I looked into different interfaith seminaries close to our then-Brooklyn home, but they all seemed too tame. And I didn't want some bogus Internet certificate; I wanted an interactive, 130-mph high-octane experience. I have always been drawn to powerful men and women, those who declare, "This is what I believe" and are willing to take the heat, right or wrong. Men like Gene Hackman's Reverend Scott from 1972's "The Poseidon Adventure," who said "let God know that you have the guts and the will to do it alone. Resolve to fight for yourselves, and for others, for those you love. And that part of God within you will be fighting with you all the way." By becoming ordained, I felt I was crossing a line, moving from the casual seeker to a man who burned with purpose and passion.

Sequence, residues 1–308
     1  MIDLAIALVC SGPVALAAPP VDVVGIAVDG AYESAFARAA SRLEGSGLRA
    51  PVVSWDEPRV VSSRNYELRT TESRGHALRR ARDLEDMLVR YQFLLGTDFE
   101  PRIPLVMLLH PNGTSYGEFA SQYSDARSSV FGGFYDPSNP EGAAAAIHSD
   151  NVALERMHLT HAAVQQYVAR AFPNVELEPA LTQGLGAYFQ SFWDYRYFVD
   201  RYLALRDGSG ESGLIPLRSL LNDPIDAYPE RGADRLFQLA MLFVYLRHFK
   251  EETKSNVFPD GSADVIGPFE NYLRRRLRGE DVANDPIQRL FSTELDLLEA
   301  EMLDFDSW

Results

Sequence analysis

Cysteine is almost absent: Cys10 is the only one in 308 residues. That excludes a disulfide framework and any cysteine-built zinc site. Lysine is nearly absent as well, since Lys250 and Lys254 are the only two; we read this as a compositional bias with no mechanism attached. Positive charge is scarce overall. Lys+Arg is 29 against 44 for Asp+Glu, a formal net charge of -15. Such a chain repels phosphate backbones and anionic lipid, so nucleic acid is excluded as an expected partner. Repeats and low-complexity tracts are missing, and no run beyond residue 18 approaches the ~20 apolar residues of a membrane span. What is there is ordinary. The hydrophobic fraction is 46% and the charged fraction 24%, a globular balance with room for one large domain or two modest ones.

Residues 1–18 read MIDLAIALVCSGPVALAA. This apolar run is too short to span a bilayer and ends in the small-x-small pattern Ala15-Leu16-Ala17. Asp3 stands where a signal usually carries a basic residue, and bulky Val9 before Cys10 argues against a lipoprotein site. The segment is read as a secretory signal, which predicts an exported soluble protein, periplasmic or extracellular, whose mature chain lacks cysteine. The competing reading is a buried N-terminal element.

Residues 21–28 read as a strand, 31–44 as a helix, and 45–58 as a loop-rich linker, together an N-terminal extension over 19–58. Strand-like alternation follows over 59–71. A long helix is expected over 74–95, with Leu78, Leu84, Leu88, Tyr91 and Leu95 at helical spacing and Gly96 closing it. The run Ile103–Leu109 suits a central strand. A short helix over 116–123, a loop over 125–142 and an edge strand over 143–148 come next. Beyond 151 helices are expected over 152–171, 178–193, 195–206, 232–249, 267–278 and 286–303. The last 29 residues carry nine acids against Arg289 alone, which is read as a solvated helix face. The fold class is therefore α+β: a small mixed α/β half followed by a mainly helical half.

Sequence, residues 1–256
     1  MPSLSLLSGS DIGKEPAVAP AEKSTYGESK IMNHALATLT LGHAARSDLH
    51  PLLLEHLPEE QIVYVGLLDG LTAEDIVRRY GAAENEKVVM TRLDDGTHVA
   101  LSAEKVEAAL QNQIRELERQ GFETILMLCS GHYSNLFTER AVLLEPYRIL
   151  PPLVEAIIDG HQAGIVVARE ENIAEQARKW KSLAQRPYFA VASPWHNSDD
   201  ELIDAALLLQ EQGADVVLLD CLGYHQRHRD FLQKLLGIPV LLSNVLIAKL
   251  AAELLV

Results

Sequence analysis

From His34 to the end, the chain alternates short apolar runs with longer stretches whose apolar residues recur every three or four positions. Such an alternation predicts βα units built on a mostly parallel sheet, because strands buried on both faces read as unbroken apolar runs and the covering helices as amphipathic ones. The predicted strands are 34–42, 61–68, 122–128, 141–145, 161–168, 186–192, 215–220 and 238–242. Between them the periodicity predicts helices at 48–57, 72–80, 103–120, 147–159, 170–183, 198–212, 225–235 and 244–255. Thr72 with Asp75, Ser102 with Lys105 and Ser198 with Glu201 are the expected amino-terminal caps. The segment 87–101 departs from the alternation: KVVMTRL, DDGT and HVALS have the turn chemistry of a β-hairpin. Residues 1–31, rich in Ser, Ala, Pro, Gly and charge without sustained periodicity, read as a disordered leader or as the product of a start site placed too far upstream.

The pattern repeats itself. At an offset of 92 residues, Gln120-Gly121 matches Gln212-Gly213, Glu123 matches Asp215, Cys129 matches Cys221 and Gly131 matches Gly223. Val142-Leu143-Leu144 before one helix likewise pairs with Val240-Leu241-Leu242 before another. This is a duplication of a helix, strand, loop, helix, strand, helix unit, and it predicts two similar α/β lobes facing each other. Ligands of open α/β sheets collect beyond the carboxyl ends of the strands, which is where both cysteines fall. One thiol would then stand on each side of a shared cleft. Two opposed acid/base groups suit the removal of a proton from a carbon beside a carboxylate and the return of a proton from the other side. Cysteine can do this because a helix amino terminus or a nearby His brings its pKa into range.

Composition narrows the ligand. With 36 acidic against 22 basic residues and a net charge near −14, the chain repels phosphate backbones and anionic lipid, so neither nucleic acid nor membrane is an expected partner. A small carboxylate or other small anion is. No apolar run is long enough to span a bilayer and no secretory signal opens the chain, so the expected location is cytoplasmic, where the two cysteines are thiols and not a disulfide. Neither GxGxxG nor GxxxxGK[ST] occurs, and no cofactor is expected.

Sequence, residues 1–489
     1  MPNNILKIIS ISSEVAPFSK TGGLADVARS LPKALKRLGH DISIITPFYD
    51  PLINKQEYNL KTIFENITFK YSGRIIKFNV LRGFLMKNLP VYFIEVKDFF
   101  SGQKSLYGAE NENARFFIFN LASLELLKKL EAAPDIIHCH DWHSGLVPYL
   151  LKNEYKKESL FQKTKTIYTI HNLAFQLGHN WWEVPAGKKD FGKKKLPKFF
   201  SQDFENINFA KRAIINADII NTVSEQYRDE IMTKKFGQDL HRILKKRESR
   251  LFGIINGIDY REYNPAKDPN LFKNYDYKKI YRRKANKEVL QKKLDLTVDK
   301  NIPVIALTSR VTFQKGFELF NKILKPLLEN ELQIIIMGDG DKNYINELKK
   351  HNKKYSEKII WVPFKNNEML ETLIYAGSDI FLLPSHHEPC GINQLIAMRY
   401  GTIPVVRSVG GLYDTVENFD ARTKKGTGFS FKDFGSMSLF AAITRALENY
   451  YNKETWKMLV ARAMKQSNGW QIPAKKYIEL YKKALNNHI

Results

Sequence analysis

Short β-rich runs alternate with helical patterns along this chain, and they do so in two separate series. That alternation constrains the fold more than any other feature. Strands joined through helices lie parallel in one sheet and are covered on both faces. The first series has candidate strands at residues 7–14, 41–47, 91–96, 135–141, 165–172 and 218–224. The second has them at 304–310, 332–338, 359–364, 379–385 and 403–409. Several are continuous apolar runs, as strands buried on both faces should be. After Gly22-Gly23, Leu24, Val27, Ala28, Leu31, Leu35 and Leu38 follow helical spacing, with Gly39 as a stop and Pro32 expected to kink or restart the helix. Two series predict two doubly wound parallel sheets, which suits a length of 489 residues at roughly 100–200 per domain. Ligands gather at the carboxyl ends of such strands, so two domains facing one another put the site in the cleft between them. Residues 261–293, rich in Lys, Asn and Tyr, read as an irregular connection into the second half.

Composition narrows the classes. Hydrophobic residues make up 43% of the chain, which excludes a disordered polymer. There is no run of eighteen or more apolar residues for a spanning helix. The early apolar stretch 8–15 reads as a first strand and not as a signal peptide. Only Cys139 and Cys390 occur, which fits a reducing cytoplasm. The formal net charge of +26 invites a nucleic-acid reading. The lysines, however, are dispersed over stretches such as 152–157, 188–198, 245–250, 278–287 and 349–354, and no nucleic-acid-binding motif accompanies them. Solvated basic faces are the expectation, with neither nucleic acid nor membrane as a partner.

I'd been a seeker for some time. My parents were agnostic. My father's stock answer to any mention of spirituality was, "Where was God during the Holocaust?" My mother taught Sunday school as a teen, but had discovered therapy and science and referred to herself a "lapsed Episcopalian." But me? I'd been hooked since age 5, when a neighbor gave me a Bible in the form of a cartoon pamphlet and I read it over and over, intrigued by the stories of passion, betrayal, blood, punishment and salvation. By the time I was 10, I had developed a passion for the works of Edith Hamilton, who wrote about Greek, Roman and Norse Gods. At age 27, I spent five months meditating in an Indian ashram, including two weeks in silence, part of a lifelong quest to discover life's meaning.